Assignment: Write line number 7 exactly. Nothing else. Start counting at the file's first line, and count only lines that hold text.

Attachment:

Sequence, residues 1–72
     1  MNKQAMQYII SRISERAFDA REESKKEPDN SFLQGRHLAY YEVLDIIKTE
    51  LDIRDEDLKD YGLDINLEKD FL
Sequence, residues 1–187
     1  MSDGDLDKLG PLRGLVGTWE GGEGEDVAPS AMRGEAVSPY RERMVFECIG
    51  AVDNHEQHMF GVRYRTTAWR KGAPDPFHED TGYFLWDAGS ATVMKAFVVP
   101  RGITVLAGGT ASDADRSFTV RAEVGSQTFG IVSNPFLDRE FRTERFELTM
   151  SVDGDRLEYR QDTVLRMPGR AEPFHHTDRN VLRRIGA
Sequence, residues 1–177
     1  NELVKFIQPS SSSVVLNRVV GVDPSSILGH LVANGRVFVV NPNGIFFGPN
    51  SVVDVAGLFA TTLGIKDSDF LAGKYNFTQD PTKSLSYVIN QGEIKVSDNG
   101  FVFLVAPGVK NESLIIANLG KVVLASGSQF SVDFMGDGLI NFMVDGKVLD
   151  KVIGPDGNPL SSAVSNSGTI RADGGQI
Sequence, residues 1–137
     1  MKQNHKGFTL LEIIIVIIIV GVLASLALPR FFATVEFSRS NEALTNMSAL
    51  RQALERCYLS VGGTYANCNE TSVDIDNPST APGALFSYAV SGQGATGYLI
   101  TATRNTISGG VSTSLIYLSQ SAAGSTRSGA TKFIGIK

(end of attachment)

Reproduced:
   101  RGITVLAGGT ASDADRSFTV RAEVGSQTFG IVSNPFLDRE FRTERFELTM